Tuesday, March 8, 2005
California’s abuse of the unpublished decision seems to be getting worse every day. In the first few days of March, the state’s appellate courts issued 12 cases that mentioned "breach of contract." Eleven of those were designated as "unpublished."
The extraordinary nature of this is shown by one of the unpublished cases, Russomano v. Russo, 2005 Cal. App. Unpub. LEXIS 1763 (2d Dist. March 1, 2005). This is hardly the sort of cookie-cutter decision that advocates of unpublished opinions often described. On the contrary, it’s a complex dispute among a tangled array of business entities, involving breach of contract, misappropriation of intellectual property, and tortious interference with contract. Among the various issues raised (in addition to the substantive ones) were appropriate jury instructions for joint and several liability, the liability of limited partners who actively engage in the LP's business activities, and the appropriateness of awarding expert witness fees fees when a settlement offer is rejected.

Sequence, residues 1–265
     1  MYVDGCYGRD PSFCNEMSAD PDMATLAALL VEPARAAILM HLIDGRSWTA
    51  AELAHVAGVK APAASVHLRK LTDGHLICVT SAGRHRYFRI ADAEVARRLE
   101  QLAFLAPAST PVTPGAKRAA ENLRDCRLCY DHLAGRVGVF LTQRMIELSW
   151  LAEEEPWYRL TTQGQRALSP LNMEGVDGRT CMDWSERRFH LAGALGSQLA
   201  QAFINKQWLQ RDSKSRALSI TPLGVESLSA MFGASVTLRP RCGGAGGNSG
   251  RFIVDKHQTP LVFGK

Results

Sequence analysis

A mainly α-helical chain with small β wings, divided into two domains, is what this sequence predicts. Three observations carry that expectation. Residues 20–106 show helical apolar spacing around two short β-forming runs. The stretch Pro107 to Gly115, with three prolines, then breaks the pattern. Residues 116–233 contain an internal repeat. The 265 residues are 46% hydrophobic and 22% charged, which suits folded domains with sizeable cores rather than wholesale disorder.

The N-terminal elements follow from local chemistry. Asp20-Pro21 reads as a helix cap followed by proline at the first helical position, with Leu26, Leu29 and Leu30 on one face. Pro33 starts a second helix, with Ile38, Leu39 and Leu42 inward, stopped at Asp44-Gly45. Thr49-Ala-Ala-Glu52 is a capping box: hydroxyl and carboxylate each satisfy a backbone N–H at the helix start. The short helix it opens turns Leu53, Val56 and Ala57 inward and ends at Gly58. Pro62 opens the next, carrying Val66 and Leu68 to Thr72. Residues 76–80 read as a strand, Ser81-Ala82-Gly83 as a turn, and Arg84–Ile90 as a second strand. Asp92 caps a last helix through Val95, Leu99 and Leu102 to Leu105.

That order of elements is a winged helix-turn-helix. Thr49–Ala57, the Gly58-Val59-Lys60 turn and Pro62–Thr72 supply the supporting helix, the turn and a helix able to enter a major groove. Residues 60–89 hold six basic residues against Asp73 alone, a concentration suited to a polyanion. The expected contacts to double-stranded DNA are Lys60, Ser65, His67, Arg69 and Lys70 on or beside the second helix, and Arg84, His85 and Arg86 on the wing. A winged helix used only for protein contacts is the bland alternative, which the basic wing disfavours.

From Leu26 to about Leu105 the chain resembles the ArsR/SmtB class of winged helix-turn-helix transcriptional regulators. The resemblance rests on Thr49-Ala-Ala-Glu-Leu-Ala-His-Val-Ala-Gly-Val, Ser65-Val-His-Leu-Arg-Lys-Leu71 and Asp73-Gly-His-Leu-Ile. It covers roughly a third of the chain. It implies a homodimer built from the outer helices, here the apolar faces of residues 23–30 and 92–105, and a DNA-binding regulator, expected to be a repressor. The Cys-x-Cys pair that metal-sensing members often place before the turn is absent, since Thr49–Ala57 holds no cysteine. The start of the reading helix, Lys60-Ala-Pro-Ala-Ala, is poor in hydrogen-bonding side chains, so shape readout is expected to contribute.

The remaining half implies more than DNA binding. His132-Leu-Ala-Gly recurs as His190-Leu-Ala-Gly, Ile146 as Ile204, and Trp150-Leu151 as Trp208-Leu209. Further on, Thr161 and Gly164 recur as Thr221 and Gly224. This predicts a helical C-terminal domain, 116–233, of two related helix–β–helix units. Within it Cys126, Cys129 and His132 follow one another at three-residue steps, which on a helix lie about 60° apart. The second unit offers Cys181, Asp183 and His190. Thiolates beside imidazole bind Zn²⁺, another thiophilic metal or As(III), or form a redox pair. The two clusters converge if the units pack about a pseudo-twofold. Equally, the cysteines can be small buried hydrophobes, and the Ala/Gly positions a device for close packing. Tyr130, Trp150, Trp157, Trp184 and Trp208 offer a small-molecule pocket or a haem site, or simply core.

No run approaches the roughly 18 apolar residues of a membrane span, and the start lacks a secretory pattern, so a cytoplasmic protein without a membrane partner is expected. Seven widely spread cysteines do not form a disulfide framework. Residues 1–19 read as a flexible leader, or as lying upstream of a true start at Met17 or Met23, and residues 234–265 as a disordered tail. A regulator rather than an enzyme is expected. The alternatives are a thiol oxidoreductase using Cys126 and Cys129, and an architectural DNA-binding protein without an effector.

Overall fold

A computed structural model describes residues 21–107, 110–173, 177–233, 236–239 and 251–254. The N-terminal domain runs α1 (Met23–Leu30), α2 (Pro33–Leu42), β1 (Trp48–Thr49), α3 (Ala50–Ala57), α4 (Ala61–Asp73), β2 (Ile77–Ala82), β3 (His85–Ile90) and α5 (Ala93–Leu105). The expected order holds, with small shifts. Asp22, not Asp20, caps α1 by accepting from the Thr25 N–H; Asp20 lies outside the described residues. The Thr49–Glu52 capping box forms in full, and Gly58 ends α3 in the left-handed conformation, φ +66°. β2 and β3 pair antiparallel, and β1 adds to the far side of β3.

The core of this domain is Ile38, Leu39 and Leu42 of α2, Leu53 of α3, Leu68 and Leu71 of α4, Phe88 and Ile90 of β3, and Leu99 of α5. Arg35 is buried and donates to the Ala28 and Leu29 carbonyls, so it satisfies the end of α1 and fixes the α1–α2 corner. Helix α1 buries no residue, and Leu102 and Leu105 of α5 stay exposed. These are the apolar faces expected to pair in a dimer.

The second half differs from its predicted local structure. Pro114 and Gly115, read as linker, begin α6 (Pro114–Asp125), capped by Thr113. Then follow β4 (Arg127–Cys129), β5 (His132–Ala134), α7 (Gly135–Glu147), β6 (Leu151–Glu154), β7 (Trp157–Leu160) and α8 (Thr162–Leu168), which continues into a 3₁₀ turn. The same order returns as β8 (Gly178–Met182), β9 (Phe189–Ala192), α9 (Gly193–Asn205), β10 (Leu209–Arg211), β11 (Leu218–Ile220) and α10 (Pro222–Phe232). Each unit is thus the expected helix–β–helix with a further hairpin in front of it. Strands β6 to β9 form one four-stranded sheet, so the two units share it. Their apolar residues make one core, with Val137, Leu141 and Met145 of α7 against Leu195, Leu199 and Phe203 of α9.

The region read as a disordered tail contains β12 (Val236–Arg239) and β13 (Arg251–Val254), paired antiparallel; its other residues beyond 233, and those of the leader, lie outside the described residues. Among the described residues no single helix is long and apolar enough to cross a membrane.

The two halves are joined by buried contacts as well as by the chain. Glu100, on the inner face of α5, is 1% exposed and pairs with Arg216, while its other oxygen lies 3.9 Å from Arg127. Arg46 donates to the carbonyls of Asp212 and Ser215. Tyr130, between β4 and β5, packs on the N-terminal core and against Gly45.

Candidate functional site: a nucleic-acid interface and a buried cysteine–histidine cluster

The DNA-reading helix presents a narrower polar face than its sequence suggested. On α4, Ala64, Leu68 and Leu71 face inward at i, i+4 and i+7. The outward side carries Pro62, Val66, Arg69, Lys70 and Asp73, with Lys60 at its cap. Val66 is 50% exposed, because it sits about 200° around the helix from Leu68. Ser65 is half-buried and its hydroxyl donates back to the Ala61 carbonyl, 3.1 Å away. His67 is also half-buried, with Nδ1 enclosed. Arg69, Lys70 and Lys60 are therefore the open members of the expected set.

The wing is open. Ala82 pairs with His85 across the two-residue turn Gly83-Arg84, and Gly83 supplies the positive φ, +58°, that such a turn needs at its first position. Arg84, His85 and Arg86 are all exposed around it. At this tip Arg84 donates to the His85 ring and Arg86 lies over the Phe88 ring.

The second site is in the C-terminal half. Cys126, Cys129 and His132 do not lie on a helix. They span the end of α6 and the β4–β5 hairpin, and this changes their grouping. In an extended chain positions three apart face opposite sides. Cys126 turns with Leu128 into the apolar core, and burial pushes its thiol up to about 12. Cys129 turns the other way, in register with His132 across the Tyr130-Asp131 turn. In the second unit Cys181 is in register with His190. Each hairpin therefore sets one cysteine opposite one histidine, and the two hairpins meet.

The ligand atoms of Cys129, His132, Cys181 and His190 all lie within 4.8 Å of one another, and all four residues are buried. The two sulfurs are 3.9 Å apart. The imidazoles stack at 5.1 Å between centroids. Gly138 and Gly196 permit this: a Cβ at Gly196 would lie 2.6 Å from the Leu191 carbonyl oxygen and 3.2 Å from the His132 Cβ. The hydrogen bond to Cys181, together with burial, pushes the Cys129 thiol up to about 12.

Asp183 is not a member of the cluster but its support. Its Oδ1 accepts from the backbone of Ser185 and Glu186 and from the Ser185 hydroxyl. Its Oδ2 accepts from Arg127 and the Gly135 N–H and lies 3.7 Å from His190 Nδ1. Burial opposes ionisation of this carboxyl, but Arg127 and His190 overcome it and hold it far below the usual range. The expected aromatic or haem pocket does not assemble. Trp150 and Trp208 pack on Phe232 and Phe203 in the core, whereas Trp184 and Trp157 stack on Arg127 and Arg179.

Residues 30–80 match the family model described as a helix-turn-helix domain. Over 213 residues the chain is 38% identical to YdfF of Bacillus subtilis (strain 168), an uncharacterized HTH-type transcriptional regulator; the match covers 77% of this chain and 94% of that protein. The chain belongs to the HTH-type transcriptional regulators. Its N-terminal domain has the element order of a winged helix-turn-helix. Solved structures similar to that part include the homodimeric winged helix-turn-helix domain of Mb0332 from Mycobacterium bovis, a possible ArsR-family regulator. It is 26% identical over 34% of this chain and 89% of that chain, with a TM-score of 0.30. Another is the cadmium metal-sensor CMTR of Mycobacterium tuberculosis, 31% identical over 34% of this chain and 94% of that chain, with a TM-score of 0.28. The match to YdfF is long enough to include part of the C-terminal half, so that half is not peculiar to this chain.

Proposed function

The plaintiff won $8 million in compensatory damages at trial and $46 million in punitives; one defendant's expert witness fees alone were $64,000. The appellate opinion runs 22,000 words—just under the preferred limit for a Harvard Law Review article—cites scores of cases and statutes, and has 33 footnotes. Yet none of this can be cited by future litigants and the court is free to come to the opposite conclusion in the next case.
It's getting hard to see the difference between an arbitral decision and the sort of private ruling that the California courts provide.